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Tomb Raider Legend Preview

Scheduled release date:
Crystal Dynamics
Number Of Players:
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The original Tomb Raider was a game that revived a stagnating genre. Then the sequels killed it. Repeatedly. And then punched it in the face. The past few installments have attempted to return the faltering series to its former glory, though they've been met with varying degrees of apathy and hate. Crystal Dynamics isn't about to give up just yet, however, as they still have faith enough in Lara and her two biggest assets (her dual handguns, of course) to bring her back for one last shot in Tomb Raider: Legend. I recently had a chance to sit down with an unfinished build of the game and see for myself if Lara got the extreme makeover she's in desperate need of.

I started out watching Lara free-climb a generic mountain somewhere in Bolivia, looking for a temple that held an artifact she'd apparently been seeking for some time. From there I proceeded to run through her usual tricks, and then some. Jumping to nearby ledges, shimming across steep rockface, climbing vines, jumping across waterfalls, and diving through underwater chasms makes for a varied approach to the gameplay, and I didn't often find myself doing too much of the same exact thing. Another interesting feature to the gameplay was its not-quite linear approach to solving certain puzzles, something games like Angel of Darkness lacked. There were a few times I found myself with the option to take two somewhat different paths to my next objective, though the differences between the two weren't terribly varied.

In a lot of ways, Legend does seem to get back to Tomb Raider's roots, though that unfortunately means the controls still aren't great, and neither is the camera. I often found myself fiddling with the camera just to get a halfway decent view of whatever jump I had to make (and the ability to center the camera behind Lara didn't really help matters), and often Lara would jump in a completely different direction than I indicated, leading to some rather cheap deaths. Overall, the controls are similar, if a bit better, than previous installments, though they could definitely use some work before the final product is actually released.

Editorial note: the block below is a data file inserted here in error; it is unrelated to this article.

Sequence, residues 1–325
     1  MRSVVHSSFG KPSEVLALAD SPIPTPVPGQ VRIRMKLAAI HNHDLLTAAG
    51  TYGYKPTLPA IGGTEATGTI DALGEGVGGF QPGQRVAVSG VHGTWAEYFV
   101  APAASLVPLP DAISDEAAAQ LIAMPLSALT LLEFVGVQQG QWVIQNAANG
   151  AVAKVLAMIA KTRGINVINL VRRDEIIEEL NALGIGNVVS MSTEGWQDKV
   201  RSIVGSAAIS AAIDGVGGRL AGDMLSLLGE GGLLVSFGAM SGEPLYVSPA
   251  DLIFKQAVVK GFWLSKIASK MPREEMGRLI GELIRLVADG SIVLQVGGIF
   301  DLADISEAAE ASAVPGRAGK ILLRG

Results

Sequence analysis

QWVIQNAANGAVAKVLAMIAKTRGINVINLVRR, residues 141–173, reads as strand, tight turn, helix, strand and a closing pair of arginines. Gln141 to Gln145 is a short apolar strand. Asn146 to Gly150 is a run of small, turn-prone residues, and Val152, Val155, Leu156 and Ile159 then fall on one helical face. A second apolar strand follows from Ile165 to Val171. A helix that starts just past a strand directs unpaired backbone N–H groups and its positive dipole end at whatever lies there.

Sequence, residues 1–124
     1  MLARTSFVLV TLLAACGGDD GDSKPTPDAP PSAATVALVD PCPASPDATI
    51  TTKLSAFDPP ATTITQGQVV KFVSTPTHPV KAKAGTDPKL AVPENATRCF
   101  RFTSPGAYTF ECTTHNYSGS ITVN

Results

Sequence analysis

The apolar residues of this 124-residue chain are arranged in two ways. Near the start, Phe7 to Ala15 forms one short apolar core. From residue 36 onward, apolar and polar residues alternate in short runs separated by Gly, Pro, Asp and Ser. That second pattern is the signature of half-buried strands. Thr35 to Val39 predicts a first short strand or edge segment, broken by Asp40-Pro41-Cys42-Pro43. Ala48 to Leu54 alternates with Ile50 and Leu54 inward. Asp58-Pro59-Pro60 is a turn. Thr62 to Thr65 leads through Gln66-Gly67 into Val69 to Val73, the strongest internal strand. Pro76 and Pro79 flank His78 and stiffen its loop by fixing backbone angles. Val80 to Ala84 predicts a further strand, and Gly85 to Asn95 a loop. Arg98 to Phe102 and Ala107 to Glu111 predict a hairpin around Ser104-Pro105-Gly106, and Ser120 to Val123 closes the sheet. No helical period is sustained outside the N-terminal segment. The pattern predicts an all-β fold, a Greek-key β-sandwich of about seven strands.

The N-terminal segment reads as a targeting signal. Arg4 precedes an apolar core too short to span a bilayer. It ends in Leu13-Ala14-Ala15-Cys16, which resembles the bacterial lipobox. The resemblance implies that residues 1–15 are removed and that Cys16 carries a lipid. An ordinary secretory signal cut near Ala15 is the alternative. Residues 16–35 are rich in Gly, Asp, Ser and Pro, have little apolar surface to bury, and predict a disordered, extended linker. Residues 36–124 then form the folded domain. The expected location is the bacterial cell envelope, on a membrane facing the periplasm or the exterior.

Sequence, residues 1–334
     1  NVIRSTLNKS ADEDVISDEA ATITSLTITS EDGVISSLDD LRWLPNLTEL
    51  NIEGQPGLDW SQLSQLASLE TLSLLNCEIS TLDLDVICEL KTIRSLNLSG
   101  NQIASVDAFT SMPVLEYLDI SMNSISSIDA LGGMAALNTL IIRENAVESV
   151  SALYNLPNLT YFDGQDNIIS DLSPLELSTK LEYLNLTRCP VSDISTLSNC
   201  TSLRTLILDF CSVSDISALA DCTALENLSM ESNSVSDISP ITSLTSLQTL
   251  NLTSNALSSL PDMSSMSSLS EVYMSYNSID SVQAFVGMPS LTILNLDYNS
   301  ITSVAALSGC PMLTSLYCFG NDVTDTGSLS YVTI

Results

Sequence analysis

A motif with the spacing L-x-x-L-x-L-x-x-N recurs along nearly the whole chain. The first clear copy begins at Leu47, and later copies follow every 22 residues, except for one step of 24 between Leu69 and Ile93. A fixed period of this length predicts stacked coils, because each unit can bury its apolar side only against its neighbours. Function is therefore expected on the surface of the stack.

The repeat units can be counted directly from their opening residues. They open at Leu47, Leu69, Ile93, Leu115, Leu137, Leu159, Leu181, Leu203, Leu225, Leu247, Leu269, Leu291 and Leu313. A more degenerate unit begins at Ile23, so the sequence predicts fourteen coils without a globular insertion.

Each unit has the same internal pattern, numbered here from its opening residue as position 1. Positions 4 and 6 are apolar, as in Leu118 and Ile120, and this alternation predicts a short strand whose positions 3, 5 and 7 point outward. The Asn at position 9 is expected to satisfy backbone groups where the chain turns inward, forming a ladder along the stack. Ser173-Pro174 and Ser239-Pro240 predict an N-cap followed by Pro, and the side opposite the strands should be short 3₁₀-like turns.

The sound in the game could also use some tweaking, as most of the dialogue in the game was drowned out by ambient noise. Throughout my entire quest I was in radio communication with….. someone. I say 'someone' because I never got his name, nor understood most of what either he, or Lara, or the enemies I met throughout, ever said. Most of what I did catch was the kind of rather banal dialogue one might expect from a cheesy B action movie, which shouldn't come as a surprise to fans of the series. However, it would at least be nice to be able to hear it, in case you're so inclined, so hopefully Legend will at least balance out the sound before release.

The visuals are easily one of the high points in Legend so far, as the environments are rather beautiful from an artistic standpoint; I was, after all, spelunking through some of the prettier parts of South America. Lara looks pretty nice; though that should be no secret as her physical appearance has always been a draw for the series. While not as visually impressive as previous PS2 hits such as God of War or Resident Evil 4, Legend definitely rates as one of the better looking games coming out for the PS2 this spring.

If you're a fan of the series, Legend should definitely stay on your radar as it approaches release sometime in May. If you've been turned off of the series by previous installments, Legend may or may not be enough to make you a full fledged fan again, but it's definitely looking more promising than previous installments, which is a good sign.

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